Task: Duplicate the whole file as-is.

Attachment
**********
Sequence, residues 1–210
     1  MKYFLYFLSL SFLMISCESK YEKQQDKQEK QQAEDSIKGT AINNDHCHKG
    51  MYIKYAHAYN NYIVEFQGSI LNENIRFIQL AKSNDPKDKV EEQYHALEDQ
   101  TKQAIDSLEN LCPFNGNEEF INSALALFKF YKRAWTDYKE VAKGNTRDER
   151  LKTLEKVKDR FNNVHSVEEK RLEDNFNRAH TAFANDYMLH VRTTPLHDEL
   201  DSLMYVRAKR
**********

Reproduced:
Sequence, residues 1–210
     1  MKYFLYFLSL SFLMISCESK YEKQQDKQEK QQAEDSIKGT AINNDHCHKG
    51  MYIKYAHAYN NYIVEFQGSI LNENIRFIQL AKSNDPKDKV EEQYHALEDQ
   101  TKQAIDSLEN LCPFNGNEEF INSALALFKF YKRAWTDYKE VAKGNTRDER
   151  LKTLEKVKDR FNNVHSVEEK RLEDNFNRAH TAFANDYMLH VRTTPLHDEL
   201  DSLMYVRAKR